Identity: Forging Regional Belonging in Southeast Asia

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Abstract

Southeast Asia is home to multiple ethnic and religious identities, which – through historical processes dating to colonial and pre-colonial times – have shaped the nationalism of modern nation-states. Local loyalties were shaped by their inclusion in broader systems of belief like Buddhism, Confucianism, Islam and other ideological frameworks, both transnational, and national, and often mixed. These identities underpin Southeast Asian citizens’ sense of their membership of the ASEAN Community. In recent years, ASEAN has paid attention to the shaping of new forms of collective imaginations about the future of the region. These have committed the Association to directions that reach beyond the politico-economic realm and are grounded in a growing awareness of the interrelatedness of the region’s diverse cultures. In fact, Southeast Asian identity should not be confused as a conceptual tool with the identity of ASEAN as a regional organisation. The identity of Southeast Asians may rather be seen as an arena for the interplay of different forces competing for the allegiances of its inhabitants.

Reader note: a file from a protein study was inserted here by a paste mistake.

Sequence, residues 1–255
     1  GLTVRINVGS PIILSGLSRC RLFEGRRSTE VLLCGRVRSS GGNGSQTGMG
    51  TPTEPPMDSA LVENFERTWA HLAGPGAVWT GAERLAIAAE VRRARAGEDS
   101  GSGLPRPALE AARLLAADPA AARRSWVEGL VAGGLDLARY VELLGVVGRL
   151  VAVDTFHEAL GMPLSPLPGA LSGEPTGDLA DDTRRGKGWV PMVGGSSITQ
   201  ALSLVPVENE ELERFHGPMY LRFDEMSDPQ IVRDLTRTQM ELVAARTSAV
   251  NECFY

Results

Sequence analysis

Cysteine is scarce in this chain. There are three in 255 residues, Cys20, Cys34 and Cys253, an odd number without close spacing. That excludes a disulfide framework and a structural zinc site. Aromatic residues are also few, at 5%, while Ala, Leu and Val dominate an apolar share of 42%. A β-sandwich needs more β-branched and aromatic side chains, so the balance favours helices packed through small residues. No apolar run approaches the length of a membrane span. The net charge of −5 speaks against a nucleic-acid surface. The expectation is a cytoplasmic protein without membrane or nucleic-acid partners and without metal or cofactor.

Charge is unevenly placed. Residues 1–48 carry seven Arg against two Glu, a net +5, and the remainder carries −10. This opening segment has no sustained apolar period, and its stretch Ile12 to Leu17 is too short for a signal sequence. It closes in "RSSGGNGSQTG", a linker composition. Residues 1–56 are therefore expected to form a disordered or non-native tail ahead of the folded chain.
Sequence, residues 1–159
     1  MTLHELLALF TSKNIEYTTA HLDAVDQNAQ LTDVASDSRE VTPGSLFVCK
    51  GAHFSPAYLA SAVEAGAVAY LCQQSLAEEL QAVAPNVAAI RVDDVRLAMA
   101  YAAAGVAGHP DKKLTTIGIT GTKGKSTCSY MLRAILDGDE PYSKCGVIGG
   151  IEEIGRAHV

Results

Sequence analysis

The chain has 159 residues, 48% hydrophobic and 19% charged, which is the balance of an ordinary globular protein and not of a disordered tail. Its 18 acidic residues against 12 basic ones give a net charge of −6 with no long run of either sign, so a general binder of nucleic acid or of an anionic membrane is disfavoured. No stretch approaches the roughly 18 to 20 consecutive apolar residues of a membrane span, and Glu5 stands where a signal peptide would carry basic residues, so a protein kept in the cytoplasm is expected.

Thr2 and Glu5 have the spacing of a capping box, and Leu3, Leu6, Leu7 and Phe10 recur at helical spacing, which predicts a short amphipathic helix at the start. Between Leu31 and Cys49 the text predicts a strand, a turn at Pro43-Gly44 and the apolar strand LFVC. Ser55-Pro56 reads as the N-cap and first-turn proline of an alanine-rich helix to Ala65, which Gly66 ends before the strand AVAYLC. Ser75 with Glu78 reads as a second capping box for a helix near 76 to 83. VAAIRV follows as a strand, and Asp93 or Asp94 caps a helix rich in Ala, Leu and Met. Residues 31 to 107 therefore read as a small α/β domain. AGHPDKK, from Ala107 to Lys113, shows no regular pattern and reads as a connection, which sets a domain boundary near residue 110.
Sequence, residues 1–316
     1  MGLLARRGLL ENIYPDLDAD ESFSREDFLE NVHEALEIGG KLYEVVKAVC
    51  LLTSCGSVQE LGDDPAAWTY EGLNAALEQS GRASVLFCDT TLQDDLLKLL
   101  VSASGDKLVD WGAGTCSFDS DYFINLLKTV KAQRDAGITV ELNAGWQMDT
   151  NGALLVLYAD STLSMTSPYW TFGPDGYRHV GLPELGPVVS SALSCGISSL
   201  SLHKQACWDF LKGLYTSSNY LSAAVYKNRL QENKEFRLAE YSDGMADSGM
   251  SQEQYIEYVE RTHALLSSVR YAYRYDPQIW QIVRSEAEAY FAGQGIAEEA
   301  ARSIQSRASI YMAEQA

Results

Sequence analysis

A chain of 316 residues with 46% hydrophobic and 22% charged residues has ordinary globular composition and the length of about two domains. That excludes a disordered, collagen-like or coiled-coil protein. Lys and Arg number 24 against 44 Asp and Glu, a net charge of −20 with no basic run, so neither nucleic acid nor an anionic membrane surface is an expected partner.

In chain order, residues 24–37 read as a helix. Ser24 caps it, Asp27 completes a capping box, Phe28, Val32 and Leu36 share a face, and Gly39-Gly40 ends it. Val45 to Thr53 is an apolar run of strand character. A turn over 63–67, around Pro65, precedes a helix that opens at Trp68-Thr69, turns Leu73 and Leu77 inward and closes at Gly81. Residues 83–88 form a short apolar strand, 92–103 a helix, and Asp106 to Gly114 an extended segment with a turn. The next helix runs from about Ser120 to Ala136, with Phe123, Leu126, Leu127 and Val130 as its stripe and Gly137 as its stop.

We invite papers dealing both with elite-driven projects of forging a regional belonging and endeavours evolving from grassroots movements. Special emphasis is laid on competing forces providing a key to understand the dynamic or regional belonging in Southeast Asia, such as generations (belonging shaped by collective experiences of age groups), transnationalism, violence and trauma (identities forged by perpetrators as well as victims), gender, and migrational experiences.